A tightly-held market, rather than a reduction in demand, has seen a fall in transaction volumes over 2018 with investors struggling to capture prime city fringe and suburban office space across Australia.
According to analysis by JLL, investors spent more than $4.67 billion on city fringe and suburban office space across the country in 2018, short of 2017’s record high of $6.29 billion yet above the long-term historical average.
Sydney remains the most active metropolitan market with $2.45 million in sales recorded over 2018, with population growth, low unemployment rates and strong leasing activity with above trend rental growth continuing to drive investor interest across the sector.
Parramatta in particular has become "the jewel" in New South Wales' commercial market in recent years, benefitting from the state government’s "Decade of Decentralisation" policy with $375 million in office sales recorded over 2018.
Melbourne’s total $1.21 billion result was across two sub-markets – the Melbourne fringe recording sales of $973.4 million and the south east suburbs posting $237.7 million. Chinese and Hong Kong buyers were active, spending $422 million across eight assets.
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Metropolitan office market transactions over time
According to JLL, Brisbane, Perth, Adelaide and Canberra metropolitan office markets, having experienced challenging physical market conditions in recent times, were showing tangible signs of recovery.
Brisbane’s metropolitan market recorded $842.1 million in sales, ahead of Perth with $136.4 million, Adelaide with $30.6 million and Canberra with $35.4 million.
Though well above the 10-year average of $3.84 billion, the total investment in Australia’s metropolitan office markets in 2018 fell short of 2017’s record high of $6.29 billion.
“The reduction in transaction volumes was not a symptom of reduced investor demand, but related to a shortage of available product,” JLL head of metropolitan sales and investments in Australia Marty Janes said.
James noted that the composition of investors within metropolitan office markets was also evolving with the emergence of institutional investors, accounting for 46 per cent of purchases over 2018, complimenting the historically strong interest from private capital sources.
“As a result of demographic, structural and economic considerations with the viability of large-scale commercial office developments has led to institutional investment and a more diverse range of capital sources,” Janes said.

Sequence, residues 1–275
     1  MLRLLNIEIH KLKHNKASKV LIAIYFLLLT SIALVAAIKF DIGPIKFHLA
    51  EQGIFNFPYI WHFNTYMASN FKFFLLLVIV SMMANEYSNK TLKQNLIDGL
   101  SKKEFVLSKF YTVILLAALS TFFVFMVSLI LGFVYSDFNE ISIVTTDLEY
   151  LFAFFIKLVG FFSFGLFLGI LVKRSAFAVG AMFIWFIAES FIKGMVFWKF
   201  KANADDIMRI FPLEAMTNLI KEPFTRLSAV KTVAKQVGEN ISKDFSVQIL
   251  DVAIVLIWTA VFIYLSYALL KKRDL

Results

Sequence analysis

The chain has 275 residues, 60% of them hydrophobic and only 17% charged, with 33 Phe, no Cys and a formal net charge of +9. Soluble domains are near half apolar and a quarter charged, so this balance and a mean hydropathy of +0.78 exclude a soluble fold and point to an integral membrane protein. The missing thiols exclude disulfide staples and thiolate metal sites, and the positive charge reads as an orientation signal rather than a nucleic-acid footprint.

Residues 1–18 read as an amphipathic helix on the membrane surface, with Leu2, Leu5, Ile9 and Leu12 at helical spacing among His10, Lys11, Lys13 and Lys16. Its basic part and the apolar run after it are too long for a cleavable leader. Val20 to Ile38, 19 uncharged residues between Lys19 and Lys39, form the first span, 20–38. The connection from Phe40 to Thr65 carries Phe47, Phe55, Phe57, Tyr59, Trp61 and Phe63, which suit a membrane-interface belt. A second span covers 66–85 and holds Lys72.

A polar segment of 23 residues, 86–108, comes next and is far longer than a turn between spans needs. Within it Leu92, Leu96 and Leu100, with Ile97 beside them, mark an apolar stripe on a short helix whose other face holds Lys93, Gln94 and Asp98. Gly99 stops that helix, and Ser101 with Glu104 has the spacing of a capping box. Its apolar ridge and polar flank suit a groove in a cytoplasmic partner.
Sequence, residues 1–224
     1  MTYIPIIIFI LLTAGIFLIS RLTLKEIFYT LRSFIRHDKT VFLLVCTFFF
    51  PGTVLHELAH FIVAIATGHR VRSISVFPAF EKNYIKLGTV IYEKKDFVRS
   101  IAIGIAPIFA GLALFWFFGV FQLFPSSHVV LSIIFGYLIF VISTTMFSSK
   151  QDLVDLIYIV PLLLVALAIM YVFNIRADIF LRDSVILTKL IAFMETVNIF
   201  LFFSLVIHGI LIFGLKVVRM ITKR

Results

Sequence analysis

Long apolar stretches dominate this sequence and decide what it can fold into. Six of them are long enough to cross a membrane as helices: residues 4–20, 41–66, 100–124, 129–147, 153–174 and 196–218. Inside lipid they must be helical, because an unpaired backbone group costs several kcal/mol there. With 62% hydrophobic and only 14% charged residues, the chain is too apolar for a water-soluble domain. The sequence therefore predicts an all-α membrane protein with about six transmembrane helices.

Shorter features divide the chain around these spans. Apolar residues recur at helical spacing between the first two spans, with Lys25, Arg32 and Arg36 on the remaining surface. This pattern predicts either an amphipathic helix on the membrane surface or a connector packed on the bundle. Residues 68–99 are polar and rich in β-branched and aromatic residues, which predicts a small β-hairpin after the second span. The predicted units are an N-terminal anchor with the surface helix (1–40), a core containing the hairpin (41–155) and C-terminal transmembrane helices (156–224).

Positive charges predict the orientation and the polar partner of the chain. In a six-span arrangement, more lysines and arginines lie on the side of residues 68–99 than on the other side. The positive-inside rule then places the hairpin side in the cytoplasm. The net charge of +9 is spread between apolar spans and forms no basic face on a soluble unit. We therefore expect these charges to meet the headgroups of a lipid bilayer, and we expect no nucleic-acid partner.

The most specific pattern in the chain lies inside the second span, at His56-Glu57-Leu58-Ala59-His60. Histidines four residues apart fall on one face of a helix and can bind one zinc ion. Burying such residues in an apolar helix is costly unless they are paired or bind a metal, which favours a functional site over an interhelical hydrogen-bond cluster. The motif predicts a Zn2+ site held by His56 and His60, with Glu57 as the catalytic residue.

Despite rising levels of institutional investment across metropolitan markets, private and high net worth investors remain active in terms of acquisitive activity with private developers becoming increasingly priced out of metropolitan markets as they struggle to meet return thresholds.
“Institutional investors are starting to identify larger-scale opportunities outside of the CBD and will deploy significant capital into assets where they can generate strong risk-adjusted returns,” Janes said.
“However, boutique fund managers have identified unsatisfied demand in this market and have an opportunity to invest in volume rather than one large-scale project.”
According to JLL, yields in the Sydney fringe market for prime stock are ranging between 5 per cent and 5.25 per cent.
In North Sydney they are between 5 per cent and 5.5 per cent, while in the Melbourne fringe market they are between 5 per cent and 5.5 per cent.
Moving forward, JLL anticipates a broad range of capital sources competing for metropolitan office assets, with strong pricing benchmarks being set across most sub-markets.
“In Sydney and Melbourne, it will be the ability to secure product which will provide exposure to the rental growth story, JLL noted.
“A focus on product differentiation will lead to higher occupancy rates and stronger performance as incentives shift downwards from cyclical highs.”
“Existing private investors and high-net-worth individuals will have the opportunity to crystallise significant capital gains and will continue to seek out value-add and smaller-scale opportunities for repositioning.”